Five-match series are an anomaly in T20 internationals but the proceedings of the recently-concluded series between West Indies and South Africa have set the bar high. Many predicted a 0-5 scoreline when South Africa were hammered in the first T20I. They came back, took the lead before West Indies levelled the series. In the end, it came to the fifth T20I to decide the winner which the visitors clinched to emerge victorious with a 3-2 scoreline.
It was the first time South Africa won a T20I series decider since 2012. It is a pleasing result for a nation struggling to find its feet in the format. However, an extended perspective of the series lied in preparations for the T20 World Cup. Despite the series win, South Africa have left most of the questions unanswered. They played with the same XI for the most part of the series. As many as five of their players did not get a chance in the middle.
Now they only have a three-match T20I series against Ireland before the T20I World Cup in October-November.
South Africa losing steam with the bat as the innings progressed was the most common theme of the series. Except for the fourth T20I, the only match when they were chasing, South Africa constantly laid a good platform for themselves - scores of 86/2, 95/1, 91/3, 87/1 - but never went beyond 160s.
The nosedive was a consequence of West Indies’ bowling plans - slower balls away from the batsmen’s arc - but a downhill trend continuing for as long as five matches are worrisome.
It is also a reflection of South Africa relying heavily on one man for their batting returns - Quinton de Kock. The opening batsman scored 255 runs in the series while the next best for South Africa was Aiden Markram - more than 140 runs behind at 113.
Rassie van der Dussen started with a fifty but could not build on it to constitute a big series. David Miller batted at an average of 13 in five innings. Is number six the right spot for him? Is number three the right position for the skipper, Temba Bavuma? There are no answers yet.
Where are the All-rounders?
South Africa played only two all-rounders in the series - George Linde and Wiaan Mulder. On slow surfaces, both justified their bowling credentials but none of them was convincing with the bat. Linde could not buy a run (nine runs in four innings) while Mulder only got one match. Andile Phehlukwayo was benched throughout the series. There was a time when South Africa were an army of all-rounders. Now, they don’t have a single all-rounder to rely on. In this series, they did not try many options.
Pacers missing accuracy
Another aspect that used to be South Africa’s strength was the pace department. In this series, they were the more vulnerable aspect of their bowling attack. If you take out Anrich Nortje’s contribution and the one over bowled by Mulder at the death, Kagiso Rabada and Lungi Ngidi leaked runs at 12.9 runs in the last five overs. Ngidi picked only two wickets in the first four games and it was a surprise he got as many chances when Lizaad Williams and Sisanda Magala were waiting in the wings. Again, South Africa did not do any favour to themselves except finding out that Nortje is their best white-ball bowler.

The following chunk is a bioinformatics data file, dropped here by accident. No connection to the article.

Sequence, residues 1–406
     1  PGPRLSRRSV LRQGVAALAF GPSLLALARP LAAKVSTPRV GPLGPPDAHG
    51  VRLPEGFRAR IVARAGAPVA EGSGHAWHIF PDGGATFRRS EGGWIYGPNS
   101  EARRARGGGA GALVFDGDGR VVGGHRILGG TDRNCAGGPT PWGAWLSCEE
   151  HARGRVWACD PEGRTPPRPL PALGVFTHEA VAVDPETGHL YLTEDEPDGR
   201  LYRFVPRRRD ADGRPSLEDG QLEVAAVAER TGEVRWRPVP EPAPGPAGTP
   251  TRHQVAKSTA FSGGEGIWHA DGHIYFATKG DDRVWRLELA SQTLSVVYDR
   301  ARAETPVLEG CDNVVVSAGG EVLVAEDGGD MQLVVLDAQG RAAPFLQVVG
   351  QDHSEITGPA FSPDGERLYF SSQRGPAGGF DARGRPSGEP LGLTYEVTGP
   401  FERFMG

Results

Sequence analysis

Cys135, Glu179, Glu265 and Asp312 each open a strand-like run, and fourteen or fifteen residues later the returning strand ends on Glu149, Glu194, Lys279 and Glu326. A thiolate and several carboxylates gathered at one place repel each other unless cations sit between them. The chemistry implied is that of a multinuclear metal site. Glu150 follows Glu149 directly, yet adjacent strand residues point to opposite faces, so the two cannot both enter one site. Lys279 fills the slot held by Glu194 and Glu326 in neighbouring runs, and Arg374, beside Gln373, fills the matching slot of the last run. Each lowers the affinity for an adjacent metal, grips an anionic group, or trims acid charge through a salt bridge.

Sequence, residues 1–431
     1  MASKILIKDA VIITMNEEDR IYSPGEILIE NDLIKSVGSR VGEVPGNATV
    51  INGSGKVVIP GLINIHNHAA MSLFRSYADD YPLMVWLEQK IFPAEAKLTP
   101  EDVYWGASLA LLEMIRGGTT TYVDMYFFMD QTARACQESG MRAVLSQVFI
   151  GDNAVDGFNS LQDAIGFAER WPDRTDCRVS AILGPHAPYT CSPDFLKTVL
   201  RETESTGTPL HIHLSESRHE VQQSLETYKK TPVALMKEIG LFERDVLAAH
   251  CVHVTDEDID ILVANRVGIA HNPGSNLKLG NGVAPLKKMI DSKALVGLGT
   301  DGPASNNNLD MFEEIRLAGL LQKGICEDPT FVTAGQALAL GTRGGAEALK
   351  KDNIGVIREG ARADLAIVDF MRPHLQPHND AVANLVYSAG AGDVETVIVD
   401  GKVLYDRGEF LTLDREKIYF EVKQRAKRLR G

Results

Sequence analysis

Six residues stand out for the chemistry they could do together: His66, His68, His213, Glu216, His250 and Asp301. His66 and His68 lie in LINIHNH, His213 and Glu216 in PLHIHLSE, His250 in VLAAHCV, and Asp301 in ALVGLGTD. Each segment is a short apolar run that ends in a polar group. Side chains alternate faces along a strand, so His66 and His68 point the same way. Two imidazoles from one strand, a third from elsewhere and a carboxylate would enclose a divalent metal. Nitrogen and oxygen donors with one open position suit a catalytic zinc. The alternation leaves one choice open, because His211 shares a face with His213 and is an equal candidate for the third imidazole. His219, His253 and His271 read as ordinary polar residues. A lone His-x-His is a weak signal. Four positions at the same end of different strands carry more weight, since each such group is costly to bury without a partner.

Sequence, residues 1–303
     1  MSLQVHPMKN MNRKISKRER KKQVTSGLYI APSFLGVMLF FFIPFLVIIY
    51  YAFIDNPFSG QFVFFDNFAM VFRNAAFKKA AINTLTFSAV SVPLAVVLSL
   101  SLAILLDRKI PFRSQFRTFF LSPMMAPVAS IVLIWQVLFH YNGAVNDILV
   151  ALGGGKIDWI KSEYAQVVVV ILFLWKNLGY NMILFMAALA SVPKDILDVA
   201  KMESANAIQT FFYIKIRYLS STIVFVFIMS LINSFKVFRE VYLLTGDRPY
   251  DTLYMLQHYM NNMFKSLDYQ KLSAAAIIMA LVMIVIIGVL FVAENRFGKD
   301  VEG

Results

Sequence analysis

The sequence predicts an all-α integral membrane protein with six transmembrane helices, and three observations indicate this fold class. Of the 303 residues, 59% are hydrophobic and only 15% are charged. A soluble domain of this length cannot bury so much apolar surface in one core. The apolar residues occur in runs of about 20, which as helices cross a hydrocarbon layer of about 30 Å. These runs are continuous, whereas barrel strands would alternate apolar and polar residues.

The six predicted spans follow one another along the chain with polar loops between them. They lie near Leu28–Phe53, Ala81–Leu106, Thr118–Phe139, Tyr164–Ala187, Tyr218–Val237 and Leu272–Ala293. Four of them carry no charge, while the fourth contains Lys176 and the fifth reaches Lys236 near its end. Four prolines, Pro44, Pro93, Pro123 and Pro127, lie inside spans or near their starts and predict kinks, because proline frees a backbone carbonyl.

The only positive, and a huge one, was the impact of the spinners. The combination of Linde and Tabraiz Shamsi consistently choked the hosts. Shamsi, the Player of the Series, was the biggest positive as he reduced the count of the loose balls to a bare minimum. He picked seven wickets while bowling at an economy of 4 runs per over. South Africa will hope the performance of their spinners won’t be restricted to the slow decks of the Caribbean.
West Indies have further established themselves as a one-trick pony in both departments - keep aiming for the big shots with the bat and take the pace off with the ball. The problem is that the pitch will suit only one of these methods at once.
As many as 37% of the deliveries by their pacers were different variants of slower balls. On the slow surface of Grenada’s National Cricket Stadium, they thrived, especially Dwayne Bravo and Obed McCoy in the death overs. However, their batsmen faced a roadblock against the Protea spinners. That is what cost them the series.
Whether it was their lack of trust in defence or the eagerness to stay on board with the squad’s ‘hit-out or get out’ theory, there were many instances of West Indies’ batsmen attempting to slog their way out of troubles, hence failing to chase the target thrice in the series. If you look at their previous T20I series - versus Sri Lanka at home - you will have to admit they have a problem facing spin when the track is slow. Given the T20 World Cup is in the UAE, this can turn out to be the kryptonite for the defending champions.
Fitter Russell, Gayle at 3
In other takeaways, West Indies would be happy to have a fitter Andre Russell who has emerged as a potential four-over bowler. Though his batting returns remain dry, but they have other all-rounders in Jason Holder and Fabian Allen. Evin Lewis has sealed his position at the top and there are Andre Fletcher and Lendl Simmons to partner him. This means Chris Gayle will stay at number three for them. Nicholas Pooran and Shimron Hetmyer’s form stay a concern
One element they would like to discover is how Bravo and McCoy fare when dew sets in. The five T20Is at the same venue and at the same time did not offer any change in conditions which were dry throughout. In any case, West Indies have 10 more T20Is to reach a conclusion for their final combination for the T20 World Cup.